In the process of recovery, my wound became so itchy at some point. I would even go to class and all of a sudden, I would feel the urge to scratch. Students would laugh, because sometimes I would do it subconsciously. Tobiko recovered well and the doctor reduced his drug regimen. He even got a job at some point. He was hired by a tea firm, where he worked for two and a half years before something strange happened one morning: he woke up and could not talk.
I went to his room to check whether he had taken his medicine. He looked at me and smiled.
I said, ‘Hey, I’m going to work.’
He looked at me and I noticed he couldn’t talk.
I said, ‘Have you taken your medicine?’
A doctor came hurriedly, gave him one shot and he started talking like a parrot. We were all surprised. I don’t know whether it’s the mind that had jammed.
This later led to a discovery that his mental health was taking a beating. His moods were going down and he was getting angry, very easily agitated.
From then on, he was put on a calming drug. I talked to the renal doctors after that and I said, ‘Whenever you have kidney patients, or even if it’s not transplant patients, you need to treat their minds as well.’ I noticed that after the transplant, there are times Tobiko really used to be angry. He would be moody and frustrated. I said, ‘Apart from just focusing on the kidney alone, please do something about their mental status. Observe very closely and give them something to calm them.’
The job at the tea firm was taking a toll on him and we agreed that he quits and stays at home to help me write papers for my consultancies.
He would write letters to editors and once in a while, they would be published in the Nation. He would be so excited when that happened. He was brilliant in economics and in maths.
I would go for tests every year and after a while, my remaining kidney grew bigger to do its job and that for the one which had gone to Tobiko. My test results were perfect. I have been perfect since then and nowadays I go for assessment twice a year.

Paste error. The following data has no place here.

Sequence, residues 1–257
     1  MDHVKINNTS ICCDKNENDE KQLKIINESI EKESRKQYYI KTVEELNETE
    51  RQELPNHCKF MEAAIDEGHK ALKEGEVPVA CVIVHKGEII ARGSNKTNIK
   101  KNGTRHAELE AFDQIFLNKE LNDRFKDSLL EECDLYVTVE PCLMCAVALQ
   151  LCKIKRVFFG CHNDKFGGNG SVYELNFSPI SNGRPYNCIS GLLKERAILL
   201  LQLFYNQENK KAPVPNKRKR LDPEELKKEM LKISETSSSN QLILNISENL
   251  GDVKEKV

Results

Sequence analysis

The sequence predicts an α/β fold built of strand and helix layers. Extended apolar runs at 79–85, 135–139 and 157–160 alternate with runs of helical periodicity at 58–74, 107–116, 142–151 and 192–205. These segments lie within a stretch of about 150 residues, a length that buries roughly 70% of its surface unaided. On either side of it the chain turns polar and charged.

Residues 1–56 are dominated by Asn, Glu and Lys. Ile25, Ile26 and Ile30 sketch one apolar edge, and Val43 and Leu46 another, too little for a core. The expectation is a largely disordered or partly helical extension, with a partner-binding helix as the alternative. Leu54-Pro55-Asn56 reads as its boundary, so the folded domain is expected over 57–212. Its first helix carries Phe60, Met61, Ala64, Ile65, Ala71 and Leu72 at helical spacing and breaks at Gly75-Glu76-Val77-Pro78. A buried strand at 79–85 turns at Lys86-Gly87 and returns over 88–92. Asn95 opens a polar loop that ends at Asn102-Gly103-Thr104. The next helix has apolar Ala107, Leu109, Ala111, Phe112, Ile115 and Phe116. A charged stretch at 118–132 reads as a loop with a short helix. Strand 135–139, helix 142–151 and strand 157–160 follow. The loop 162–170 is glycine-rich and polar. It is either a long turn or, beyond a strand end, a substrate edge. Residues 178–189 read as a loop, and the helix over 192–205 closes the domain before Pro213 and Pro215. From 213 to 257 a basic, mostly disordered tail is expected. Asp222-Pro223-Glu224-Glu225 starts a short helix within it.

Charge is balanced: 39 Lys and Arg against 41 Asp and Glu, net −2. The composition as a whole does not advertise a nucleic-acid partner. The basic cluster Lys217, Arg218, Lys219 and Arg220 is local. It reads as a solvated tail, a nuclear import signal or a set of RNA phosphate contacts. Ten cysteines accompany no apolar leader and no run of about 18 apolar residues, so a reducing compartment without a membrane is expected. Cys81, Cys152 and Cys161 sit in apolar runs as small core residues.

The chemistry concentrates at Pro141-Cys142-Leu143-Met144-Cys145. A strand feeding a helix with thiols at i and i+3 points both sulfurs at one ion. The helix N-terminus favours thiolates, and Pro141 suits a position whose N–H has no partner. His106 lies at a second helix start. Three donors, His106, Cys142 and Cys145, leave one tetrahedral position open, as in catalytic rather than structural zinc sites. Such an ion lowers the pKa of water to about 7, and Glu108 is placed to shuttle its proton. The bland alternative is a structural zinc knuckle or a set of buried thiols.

When I became an ECK commissioner, I didn’t know that we were nearing the final years of Tobiko on earth. The job involved a lot of travelling. I was in charge of Narok, Transmara, Kajiado and Loitoktok — although we used to rotate.
The ECK job involved a lot of travelling. And Tobiko was so excited. Then, it was only me and him in the house. My daughters had moved abroad. They were studying abroad. So, it was only the two of us.
We used to travel a lot and what I did was to be careful about his immunity. I used to sleep in convents.
When I lost the ECK job, Tobiko told me, ‘Mama, if anybody has lost a job, it’s me, not you.’ He felt it because he knew I was buying his medicine then. He knew we used to go everywhere. But God is good because I never missed medicines.
So, how did Tobiko die? He got sick for only two hours and he died because there was an infection; a small infection we did not notice. It is not even the kidney that killed him. He would have even lived longer. What happened was that he just had a small infection. We didn’t notice it, but I noticed he wasn’t doing well because he started vomiting all of a sudden. Then I noticed his breathing was not consistent. I called the doctor quickly.
There was a marathon in Nairobi that Sunday — October 30, 2016. So, I called an ambulance to rush him to Aga Khan Hospital. He walked into the ambulance. He also walked into the emergency room in Aga Khan. But his blood pressure kept on going down.
I was told to go and buy medicine from the chemist and they put in the drips. We arrived at the hospital at 12.30pm and at exactly two minutes past 3pm, he just slipped off. They couldn’t raise his blood pressure. They put him on drips and oxygen, but he just slipped off.
Do you know what kills kidney patients? It’s not even so much the transplant. It’s the management after. The low immunity is a dangerous thing. Different lab tests showed that there was an infection in the blood. That’s what killed him.
The hospital said that since he had died before staying in hospital for 24 hours, his sudden death had to be reported to police. The policeman in charge of Parklands Police Station just read the papers and looked at me and said, ‘Pole sana, mum.’ He didn’t ask me any questions. And straight away, he signed and I went back to the hospital. I felt strong. In fact, that moment I felt so brave. Even during his funeral, I felt so brave. At the Lang’ata Cemetery, we had Tobiko’s father’s grave where he is buried and mine, which was empty. After some discussions at the City Mortuary, we agreed to bury Tobiko in my grave.
My son would say that he had lived longer with the new kidney than with his own. Up to December 2016, I felt so brave. In 2018, I started noticing he was away. Surely, he died. I started getting really emotional. That is when the journey to healing started.
Once, when giving a talk to caregivers at Aga khan, I was asked how I felt having one kidney.
I answered, ‘I feel lighter.’
We all had a good laugh. The audience may not have understood that the statement was loaded.”